Networking is important for virtually every worker across every industry. The utilization of a robust professional network can help individuals accelerate their careers and find the right opportunities. As a Master of Business Administration student, you’ll need to have the tools to grow your professional network. Here are some tips on how to network.
MBA students can attend networking events to meet new people and get their own name out there. Look for industry conferences, seminars and summits near you. Some MBA students seek out events such as startup competitions, that enable aspiring entrepreneurs to pitch ideas to potential investors. Ask your fellow students and instructors whether they know of any upcoming networking events you could attend.
Reaching out to alumni can be a great way to network. Talk to your academic advisor about the best way to utilize the alumni directory. Make an effort to contact multiple alums in your industry and ask if they’d be willing to answer a few questions for you. If you’re completing your MBA online, try to find alums who live in your area and invite them to meet you for coffee.
Informational interviews are particularly helpful for MBA students who are thinking of transitioning to a different industry. You can request informational interviews with individuals who work in moderate to high level positions in the industry you’d like to gravitate toward. Typically, in an informational interview you will learn:
- What skills you should focus on during your MBA program to be successful in that particular field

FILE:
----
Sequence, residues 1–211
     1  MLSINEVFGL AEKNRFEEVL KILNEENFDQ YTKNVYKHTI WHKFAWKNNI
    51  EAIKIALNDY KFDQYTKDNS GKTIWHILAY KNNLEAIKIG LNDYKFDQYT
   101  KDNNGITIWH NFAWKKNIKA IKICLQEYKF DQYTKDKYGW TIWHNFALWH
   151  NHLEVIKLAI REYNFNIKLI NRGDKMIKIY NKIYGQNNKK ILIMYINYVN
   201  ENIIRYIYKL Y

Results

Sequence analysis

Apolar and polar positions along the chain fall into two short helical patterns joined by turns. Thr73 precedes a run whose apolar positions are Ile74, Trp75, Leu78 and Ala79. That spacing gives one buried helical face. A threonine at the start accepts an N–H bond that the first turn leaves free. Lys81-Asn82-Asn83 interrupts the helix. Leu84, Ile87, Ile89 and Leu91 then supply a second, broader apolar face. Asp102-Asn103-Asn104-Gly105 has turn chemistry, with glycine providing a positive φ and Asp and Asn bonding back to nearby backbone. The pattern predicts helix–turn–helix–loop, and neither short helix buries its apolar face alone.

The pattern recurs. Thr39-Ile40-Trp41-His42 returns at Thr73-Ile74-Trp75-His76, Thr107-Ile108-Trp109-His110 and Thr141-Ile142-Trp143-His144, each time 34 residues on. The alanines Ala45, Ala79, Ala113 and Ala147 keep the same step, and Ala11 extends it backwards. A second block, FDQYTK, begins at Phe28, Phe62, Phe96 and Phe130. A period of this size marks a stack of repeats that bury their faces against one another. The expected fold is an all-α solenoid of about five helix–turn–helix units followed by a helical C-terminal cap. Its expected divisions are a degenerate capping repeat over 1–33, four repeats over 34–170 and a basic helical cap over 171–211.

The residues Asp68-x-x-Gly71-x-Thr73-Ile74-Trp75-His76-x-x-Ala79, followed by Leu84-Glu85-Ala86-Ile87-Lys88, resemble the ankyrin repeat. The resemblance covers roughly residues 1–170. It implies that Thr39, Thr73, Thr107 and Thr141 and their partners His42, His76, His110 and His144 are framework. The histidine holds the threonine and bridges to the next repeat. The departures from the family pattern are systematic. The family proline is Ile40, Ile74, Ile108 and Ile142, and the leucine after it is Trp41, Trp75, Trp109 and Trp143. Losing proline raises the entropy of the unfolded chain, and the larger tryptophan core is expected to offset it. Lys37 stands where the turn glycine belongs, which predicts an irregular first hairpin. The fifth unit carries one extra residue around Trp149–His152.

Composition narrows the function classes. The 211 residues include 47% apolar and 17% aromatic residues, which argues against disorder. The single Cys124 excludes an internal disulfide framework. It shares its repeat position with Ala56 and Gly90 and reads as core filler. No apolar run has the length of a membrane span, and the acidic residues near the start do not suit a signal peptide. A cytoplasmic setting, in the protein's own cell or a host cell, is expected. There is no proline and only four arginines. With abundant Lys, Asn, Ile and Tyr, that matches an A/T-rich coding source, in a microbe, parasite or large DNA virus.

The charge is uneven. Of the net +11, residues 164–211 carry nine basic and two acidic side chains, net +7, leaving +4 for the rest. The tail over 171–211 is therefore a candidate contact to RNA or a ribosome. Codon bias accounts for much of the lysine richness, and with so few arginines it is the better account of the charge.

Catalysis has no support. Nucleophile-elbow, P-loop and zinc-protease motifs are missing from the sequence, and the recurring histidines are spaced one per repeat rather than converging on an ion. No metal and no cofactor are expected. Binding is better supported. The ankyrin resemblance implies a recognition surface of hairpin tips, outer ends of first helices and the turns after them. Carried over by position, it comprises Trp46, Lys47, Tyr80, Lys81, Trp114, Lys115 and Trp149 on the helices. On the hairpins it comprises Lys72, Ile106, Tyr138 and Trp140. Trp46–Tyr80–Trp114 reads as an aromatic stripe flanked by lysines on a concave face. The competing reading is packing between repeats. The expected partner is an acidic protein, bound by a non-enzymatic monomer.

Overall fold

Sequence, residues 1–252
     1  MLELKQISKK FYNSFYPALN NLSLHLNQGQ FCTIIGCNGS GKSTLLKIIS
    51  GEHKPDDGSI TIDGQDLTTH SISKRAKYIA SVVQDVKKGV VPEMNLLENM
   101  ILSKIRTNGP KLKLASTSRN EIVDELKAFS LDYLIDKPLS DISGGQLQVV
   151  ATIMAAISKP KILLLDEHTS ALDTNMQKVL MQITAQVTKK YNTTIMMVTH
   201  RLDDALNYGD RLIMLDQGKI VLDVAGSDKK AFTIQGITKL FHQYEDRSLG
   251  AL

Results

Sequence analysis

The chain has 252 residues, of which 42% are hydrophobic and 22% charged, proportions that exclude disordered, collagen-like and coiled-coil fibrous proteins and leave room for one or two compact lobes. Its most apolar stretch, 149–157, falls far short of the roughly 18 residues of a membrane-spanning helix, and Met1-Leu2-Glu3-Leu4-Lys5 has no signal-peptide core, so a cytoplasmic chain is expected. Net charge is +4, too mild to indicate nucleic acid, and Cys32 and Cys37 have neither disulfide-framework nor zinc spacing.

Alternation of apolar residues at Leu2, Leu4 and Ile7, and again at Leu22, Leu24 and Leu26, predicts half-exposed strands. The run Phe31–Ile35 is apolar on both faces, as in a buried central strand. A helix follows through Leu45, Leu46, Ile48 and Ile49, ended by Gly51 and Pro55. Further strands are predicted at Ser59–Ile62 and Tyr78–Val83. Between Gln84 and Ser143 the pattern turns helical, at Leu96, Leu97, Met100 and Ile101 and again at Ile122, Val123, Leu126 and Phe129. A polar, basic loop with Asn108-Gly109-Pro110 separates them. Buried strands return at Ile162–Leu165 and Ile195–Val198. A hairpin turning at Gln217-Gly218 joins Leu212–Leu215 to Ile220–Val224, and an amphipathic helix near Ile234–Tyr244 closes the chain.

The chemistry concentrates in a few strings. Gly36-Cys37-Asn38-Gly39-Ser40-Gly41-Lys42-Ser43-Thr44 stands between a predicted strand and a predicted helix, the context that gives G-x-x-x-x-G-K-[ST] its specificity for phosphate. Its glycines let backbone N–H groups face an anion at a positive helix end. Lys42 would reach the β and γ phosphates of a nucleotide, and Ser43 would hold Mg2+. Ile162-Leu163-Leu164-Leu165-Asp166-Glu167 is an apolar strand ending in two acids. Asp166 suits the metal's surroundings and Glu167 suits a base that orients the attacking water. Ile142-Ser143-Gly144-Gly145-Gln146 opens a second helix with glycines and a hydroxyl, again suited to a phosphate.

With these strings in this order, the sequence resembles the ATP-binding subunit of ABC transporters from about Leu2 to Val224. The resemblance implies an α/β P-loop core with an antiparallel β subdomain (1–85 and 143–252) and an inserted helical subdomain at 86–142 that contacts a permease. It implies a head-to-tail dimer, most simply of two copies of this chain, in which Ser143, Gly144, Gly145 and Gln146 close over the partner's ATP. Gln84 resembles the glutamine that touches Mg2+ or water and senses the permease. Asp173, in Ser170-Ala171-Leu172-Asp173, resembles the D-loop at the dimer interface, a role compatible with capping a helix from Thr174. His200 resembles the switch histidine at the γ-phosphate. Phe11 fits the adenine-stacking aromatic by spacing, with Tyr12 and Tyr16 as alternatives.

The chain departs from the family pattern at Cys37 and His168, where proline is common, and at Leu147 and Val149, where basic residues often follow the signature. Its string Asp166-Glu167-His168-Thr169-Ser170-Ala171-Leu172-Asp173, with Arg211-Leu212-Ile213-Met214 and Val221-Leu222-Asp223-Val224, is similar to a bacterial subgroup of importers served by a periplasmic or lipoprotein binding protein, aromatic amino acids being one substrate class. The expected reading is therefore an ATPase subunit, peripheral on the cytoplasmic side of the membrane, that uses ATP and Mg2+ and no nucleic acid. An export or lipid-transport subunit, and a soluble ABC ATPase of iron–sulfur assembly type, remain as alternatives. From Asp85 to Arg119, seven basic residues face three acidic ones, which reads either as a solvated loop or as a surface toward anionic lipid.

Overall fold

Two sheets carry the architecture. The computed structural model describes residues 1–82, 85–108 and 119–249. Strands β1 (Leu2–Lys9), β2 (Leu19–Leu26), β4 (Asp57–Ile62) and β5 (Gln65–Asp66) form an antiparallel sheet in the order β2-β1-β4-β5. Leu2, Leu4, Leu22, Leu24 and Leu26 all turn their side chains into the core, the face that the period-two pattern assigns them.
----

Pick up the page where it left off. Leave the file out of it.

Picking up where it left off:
- The pulse of the industry and determine whether it’s really the best choice for you
- Which path to follow to end up in the role you want
During an informational interview, it’s considered poor form to ask for a job outright. However, having that individual in your professional network may help you to find your ideal position in the future. Remember to send a thank you note following the interview.
Past or Present Coworkers
Your coworkers can be an excellent way to network and therefore discover new opportunities. In whatever field you are currently working in, get to know your coworkers, be sincere and establish a good name for yourself. Making your name not only known but respected throughout the field you are working in can be very beneficial.
When you consider the term “volunteer work,” you might get a mental image of a soup kitchen or food pantry. God commands His people to serve others, and so these volunteer positions are certainly worthy endeavors. However, if you’re looking for volunteer work that will build your professional network, you might consider checking your local Chamber of Commerce. The Chamber’s website might not list volunteer positions available, but you can still call a Chamber representative to inquire about opportunities.
You might also consider joining the board of a charitable organization. Generally, it’s expected that board members commit to serving for at least one year. The type of work you’ll do depends on the organization. If it’s a smaller nonprofit, you might handle the day-to-day details of running the charity. Board members of larger nonprofits tend to do more governance work.
You can apply to the Master of Business Administration degree program at Grand Canyon University with no GMAT required. Study online from anywhere and complete your MBA while continuing to meet your professional obligations. Click on the button above to “Request Information” about GCU’s multiple MBA programs.
The views and opinions expressed in this article are those of the author’s and do not necessarily reflect the official policy or position of Grand Canyon University.